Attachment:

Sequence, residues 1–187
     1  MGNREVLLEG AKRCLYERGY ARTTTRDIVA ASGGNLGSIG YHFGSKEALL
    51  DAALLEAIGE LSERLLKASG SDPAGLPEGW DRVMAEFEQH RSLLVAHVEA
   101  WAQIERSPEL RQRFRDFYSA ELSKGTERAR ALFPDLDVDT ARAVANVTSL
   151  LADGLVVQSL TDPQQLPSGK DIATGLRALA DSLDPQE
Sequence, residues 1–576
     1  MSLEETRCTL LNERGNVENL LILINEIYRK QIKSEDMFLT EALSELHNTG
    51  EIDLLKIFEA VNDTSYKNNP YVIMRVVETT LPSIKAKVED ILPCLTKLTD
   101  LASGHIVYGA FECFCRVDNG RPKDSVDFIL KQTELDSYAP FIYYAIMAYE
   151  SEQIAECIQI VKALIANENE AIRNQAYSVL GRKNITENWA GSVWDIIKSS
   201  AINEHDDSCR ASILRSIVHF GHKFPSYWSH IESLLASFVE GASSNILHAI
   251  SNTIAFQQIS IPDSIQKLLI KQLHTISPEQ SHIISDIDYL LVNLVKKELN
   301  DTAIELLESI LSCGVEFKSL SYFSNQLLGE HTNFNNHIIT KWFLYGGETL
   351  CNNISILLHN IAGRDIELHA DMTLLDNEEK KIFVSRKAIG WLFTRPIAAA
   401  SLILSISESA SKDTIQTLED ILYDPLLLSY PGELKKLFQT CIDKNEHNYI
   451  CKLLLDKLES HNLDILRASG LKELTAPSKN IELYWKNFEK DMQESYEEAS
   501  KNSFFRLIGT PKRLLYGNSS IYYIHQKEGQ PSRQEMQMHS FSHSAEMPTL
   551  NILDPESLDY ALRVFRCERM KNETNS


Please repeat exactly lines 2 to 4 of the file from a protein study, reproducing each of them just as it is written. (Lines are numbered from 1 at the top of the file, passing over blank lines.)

     1  MGNREVLLEG AKRCLYERGY ARTTTRDIVA ASGGNLGSIG YHFGSKEALL
    51  DAALLEAIGE LSERLLKASG SDPAGLPEGW DRVMAEFEQH RSLLVAHVEA
   101  WAQIERSPEL RQRFRDFYSA ELSKGTERAR ALFPDLDVDT ARAVANVTSL